Somewhere in the distant haze of memory, however, I remember sitting at a café watching French life roll by in front of me at a leisurely pace. While over there I missed my bed. I missed Mexican food and spacious, clean public toilets. I missed The Daily Show with Jon Stewart. I missed my dogs. But the thing that I long for now that I’m home is the café life over there. It defines the culture. It is not just something the French do -- it’s an essential feature of their being.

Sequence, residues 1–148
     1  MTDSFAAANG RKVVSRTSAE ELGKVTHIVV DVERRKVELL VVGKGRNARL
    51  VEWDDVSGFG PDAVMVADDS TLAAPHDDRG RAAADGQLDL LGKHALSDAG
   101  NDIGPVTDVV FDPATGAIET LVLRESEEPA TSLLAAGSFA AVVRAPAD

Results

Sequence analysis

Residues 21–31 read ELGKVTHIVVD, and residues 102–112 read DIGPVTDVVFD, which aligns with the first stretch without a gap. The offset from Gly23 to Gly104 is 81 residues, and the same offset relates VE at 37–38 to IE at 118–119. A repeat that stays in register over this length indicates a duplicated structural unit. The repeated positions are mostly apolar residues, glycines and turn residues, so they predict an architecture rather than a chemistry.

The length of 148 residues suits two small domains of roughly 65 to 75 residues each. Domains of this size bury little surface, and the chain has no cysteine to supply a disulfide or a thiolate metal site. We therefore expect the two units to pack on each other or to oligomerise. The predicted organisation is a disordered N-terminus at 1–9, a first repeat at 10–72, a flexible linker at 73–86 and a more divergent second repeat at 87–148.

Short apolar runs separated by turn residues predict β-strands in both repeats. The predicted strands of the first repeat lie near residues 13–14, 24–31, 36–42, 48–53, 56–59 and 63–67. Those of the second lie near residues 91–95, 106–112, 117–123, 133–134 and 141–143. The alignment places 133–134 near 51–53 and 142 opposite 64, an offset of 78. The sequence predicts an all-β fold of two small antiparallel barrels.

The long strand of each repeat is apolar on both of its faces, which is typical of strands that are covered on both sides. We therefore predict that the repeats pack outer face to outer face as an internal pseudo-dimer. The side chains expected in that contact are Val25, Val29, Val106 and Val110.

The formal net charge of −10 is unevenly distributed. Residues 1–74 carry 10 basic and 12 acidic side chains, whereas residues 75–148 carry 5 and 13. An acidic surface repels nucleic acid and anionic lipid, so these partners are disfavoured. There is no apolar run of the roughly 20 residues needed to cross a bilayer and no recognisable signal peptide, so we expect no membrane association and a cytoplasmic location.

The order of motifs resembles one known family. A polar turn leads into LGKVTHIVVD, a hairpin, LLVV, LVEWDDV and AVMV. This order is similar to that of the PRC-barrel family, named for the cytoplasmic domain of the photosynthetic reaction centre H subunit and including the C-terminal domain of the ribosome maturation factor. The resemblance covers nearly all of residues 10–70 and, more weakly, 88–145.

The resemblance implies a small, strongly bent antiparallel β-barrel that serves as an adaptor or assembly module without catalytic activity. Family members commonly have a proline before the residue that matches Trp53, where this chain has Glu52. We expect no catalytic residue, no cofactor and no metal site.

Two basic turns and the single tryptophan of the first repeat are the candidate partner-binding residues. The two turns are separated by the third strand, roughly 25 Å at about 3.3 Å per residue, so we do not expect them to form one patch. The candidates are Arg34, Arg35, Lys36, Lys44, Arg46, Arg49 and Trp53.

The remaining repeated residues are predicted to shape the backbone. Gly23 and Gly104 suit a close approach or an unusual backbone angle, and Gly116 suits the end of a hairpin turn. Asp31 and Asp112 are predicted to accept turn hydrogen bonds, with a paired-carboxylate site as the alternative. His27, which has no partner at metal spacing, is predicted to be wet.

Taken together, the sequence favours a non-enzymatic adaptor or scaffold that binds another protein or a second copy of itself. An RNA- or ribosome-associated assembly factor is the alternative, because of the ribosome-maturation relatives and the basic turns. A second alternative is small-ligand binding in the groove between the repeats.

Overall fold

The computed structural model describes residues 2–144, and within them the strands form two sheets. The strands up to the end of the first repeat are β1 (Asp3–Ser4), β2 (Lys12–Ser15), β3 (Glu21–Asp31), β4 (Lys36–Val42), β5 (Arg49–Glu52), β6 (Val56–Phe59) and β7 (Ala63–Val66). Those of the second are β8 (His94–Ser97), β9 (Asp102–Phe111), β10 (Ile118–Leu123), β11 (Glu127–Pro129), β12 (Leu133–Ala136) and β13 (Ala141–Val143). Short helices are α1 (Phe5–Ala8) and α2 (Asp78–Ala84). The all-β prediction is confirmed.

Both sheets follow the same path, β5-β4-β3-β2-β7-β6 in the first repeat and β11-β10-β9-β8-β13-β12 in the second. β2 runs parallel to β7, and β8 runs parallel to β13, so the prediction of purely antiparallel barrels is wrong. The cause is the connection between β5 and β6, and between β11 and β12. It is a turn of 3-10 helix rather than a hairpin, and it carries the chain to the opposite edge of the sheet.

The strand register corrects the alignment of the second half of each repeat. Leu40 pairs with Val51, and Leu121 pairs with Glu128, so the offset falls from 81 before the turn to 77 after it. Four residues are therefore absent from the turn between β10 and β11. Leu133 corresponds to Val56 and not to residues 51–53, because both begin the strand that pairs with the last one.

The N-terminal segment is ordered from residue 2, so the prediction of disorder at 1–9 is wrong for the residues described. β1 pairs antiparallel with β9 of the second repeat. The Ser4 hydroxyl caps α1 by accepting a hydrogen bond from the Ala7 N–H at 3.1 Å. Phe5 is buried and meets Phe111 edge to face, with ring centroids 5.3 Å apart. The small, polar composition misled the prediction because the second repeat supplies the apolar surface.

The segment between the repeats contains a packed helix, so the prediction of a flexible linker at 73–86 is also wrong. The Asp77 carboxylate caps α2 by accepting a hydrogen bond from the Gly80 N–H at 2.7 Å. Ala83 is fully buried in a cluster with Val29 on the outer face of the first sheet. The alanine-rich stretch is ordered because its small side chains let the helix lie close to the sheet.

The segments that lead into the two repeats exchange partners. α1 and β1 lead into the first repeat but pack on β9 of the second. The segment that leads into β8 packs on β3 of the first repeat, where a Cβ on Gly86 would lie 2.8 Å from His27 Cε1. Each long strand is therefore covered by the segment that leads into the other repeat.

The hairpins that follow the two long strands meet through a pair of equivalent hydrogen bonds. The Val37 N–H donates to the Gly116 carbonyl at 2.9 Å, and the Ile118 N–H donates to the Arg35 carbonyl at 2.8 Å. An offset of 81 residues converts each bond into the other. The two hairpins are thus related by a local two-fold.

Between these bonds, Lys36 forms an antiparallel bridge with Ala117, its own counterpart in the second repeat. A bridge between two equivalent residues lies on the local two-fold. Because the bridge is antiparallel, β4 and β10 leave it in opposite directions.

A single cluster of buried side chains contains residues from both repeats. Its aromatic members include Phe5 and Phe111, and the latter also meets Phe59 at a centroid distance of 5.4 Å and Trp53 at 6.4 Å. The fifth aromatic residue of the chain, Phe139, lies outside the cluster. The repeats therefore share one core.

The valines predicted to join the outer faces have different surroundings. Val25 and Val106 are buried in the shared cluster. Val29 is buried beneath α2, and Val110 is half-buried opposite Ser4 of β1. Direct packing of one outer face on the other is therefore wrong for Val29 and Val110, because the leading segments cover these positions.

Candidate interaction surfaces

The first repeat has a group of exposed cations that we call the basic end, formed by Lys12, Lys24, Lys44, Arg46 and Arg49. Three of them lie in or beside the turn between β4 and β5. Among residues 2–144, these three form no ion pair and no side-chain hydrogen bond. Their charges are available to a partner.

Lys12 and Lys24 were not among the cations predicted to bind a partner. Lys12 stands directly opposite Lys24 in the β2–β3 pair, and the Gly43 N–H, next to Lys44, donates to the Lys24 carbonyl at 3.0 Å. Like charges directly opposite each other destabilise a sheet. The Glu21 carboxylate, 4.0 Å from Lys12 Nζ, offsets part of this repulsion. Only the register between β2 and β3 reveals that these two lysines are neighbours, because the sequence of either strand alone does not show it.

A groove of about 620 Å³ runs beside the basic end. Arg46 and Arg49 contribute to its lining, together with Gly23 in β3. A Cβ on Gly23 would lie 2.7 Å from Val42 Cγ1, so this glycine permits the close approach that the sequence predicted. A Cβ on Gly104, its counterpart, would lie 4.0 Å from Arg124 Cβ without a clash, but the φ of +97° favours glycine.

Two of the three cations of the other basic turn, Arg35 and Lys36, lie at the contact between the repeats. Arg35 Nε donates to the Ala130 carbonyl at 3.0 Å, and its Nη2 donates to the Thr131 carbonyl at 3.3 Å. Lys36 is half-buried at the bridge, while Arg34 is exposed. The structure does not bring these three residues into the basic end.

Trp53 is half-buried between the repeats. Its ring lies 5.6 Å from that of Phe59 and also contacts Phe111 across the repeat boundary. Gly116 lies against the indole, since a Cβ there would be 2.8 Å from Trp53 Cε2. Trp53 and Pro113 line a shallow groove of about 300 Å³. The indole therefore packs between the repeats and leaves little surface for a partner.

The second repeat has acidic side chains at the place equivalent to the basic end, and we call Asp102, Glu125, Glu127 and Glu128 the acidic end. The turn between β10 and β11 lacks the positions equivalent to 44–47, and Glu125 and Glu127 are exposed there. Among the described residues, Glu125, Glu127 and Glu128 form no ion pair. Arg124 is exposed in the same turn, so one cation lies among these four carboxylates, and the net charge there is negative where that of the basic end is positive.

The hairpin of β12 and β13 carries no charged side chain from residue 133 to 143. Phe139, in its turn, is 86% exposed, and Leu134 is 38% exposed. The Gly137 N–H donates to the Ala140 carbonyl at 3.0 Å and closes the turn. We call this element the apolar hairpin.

America is currently overrun with coffee shops and cafés where the under (or over)-caffeinated stake out a claim for an afternoon or an entire day. They order a cup of something dark and the size of a thermos bottle, flip on their computers, and disappear into the Ethernet. They take the concept “internet café” literally. The Wall Street journal reported that some café owners are, pushing back, trying to change what Americans have started to treat as a Constitutional right – “life, liberty, and the pursuit of free wi-fi with my latte” – because they are losing money. Within a mile of my home I can identify almost a dozen coffee shops or cafés, places where people are inclined to set up their nomadic office and stay for awhile, sipping expensive coffees or refilling their cups with hot water and re-dipping their tea bags until all they get is weak, flavored hot water. But they have no idea what real café life is like.